NZIFF 2020 – Bloody Nose, Empty Pockets REVIEW
Director – Bill Ross IV, Turner Ross
It’s a bit like having a perpetual hangover, but GARY STEEL just can’t stop mulling over the sozzled, discarded clientele of the bar that is no more.
I hate fly-on-the-wall documentaries, but Bloody Nose, Empty Pockets changes everything. We’ve become so conditioned to manufactured, pretend “reality” shows that when we’re confronted with the genuine article it’s a shock to the senses.
Bloody Nose, Empty Pockets sounds like an unpromising proposition: simply the edited audio-visual recording of the closing down party of a rundown Las Vegas bar featuring an equally rundown cast of regulars.
I don’t know quite how the documentarians overcame the obvious technical challenges of recording the last long day/night of the Roaring ‘20s bar, but the intimacy of the epic drama it captures is extraordinary. They must have used some fairly cutting edge technology to render the bar conversations intelligible over the babble and music (and ever-present television burbling away), and figured out how to make the cameras next-to-invisible to the subjects.
Fly-on-the-wall often means “waiting for something interesting to happen”, and sometimes it never does. Bloody Nose, Empty Pockets employs the technique to slowly reveal the complexities of a dysfunctional, discarded community, and while it would be stretching things to say that watching it was an enjoyable experience, it’s a film that you find yourself thinking about for days afterwards.
New Zealand pubs have a different flavour, but the essence is the same. Anyone who has spent time drinking and fraternising in such an establishment will recognise the ebbs and flows of an evening. Though echoing the drama of a conventional community, one night in a bar getting shitfaced can involve multiple dramatic incidents and inevitably, tears and vomit will follow.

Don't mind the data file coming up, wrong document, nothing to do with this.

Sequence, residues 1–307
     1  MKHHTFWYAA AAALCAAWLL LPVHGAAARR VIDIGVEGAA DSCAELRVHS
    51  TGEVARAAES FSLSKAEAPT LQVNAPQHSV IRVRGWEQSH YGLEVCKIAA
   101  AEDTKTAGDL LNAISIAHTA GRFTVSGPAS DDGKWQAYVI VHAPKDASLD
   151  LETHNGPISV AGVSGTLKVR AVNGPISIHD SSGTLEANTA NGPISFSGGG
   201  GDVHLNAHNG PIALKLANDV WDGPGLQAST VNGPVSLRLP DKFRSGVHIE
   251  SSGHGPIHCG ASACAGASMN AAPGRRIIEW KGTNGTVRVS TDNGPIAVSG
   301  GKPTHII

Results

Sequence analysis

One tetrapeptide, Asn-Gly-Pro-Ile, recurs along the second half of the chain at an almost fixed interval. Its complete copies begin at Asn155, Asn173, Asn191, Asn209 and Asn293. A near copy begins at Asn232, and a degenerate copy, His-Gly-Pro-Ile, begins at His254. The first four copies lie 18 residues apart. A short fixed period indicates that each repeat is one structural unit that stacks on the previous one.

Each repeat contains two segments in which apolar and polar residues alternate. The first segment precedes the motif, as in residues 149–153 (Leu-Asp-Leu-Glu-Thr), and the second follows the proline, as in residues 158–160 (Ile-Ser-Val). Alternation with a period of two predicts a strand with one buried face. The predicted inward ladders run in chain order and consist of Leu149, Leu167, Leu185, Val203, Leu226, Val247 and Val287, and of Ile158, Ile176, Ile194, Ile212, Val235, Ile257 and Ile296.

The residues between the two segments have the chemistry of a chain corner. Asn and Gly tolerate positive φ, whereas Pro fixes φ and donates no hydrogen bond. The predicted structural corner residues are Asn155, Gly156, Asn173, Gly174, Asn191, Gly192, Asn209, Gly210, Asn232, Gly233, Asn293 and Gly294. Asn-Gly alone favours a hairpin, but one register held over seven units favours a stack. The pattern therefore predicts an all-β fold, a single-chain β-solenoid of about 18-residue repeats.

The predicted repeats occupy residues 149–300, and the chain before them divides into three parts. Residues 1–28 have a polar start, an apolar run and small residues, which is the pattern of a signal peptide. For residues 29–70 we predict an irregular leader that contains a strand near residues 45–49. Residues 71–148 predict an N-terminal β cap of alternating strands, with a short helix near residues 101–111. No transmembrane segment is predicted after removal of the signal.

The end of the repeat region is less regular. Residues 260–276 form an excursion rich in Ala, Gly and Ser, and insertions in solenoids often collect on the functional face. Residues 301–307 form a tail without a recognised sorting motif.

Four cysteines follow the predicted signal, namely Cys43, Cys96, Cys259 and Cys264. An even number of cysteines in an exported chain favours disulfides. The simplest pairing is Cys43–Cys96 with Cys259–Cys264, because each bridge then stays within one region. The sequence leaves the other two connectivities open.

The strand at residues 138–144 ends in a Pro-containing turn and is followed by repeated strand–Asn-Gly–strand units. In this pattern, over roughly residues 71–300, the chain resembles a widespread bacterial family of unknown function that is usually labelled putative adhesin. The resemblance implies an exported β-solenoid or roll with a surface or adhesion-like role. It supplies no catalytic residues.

The fact that it’s the last night of a bar that this sad community revolves around is clearly the instigator for the surfacing of raw emotions and raised voices. There’s history between the protagonists, and it’s complicated. The core members of this melancholy cast are men in their 60s and 70s who we get to know and empathise with as they start relatively sober and descend into various tributaries of affection, anger, resentment and self-pity in the course of the evening. What’s interesting, however, is the diversity of clientele and their love for each other: there’s an African-American transvestite, an enthusiastic fellow with eyes tattooed on his eyelids, a chap with frizzed-out hair who looks like Einstein’s sizzled bro, a 60-year-old woman proudly exposing her breasts and eventually having to be helped home in a drunken daze, and the hard-faced but soft-hearted solo mum who runs the joint with her smoking, beer-stealing school-age sons hanging around out the back.
The two stand-out characters are the late 50s-going-on-70 former actor who admits to having given up on life and ends up crying into his beer (and falling asleep on the couch) and the African-American former combat veteran who is full of advice but whose speech impediment makes it hard for others to understand what he’s saying. It’s clear that for these men, the bar is the centre of their existence and only community, and its imminent demise has them both beyond tears.
These are the forgotten people, the ones who fell down the cracks of the American dream. Is their reality any worse or better than those of us who more or less successfully navigated through a life of jobs, family and “normal” suburbia? Who knows. Whatever the case, Bloody Nose, Empty Pockets inspires deep reflection on life and the universe and how society discards some of its people in favour of others. It’s a sobering (ha) experience, and while it would be untrue to say that it made me want to get to know its characters, I certainly wanted to know what happened to them after the closure of their bar. Sequel, maybe?
* Bloody Nose, Empty Pockets screens at City Gallery Wellington on Saturday July 25 at 3.15pm and Saturday August 1 at 1.30pm. It’s available to stream online from July 29 to August 3.
Check out Witchdoctor’s New Zealand International Film Festival reviews: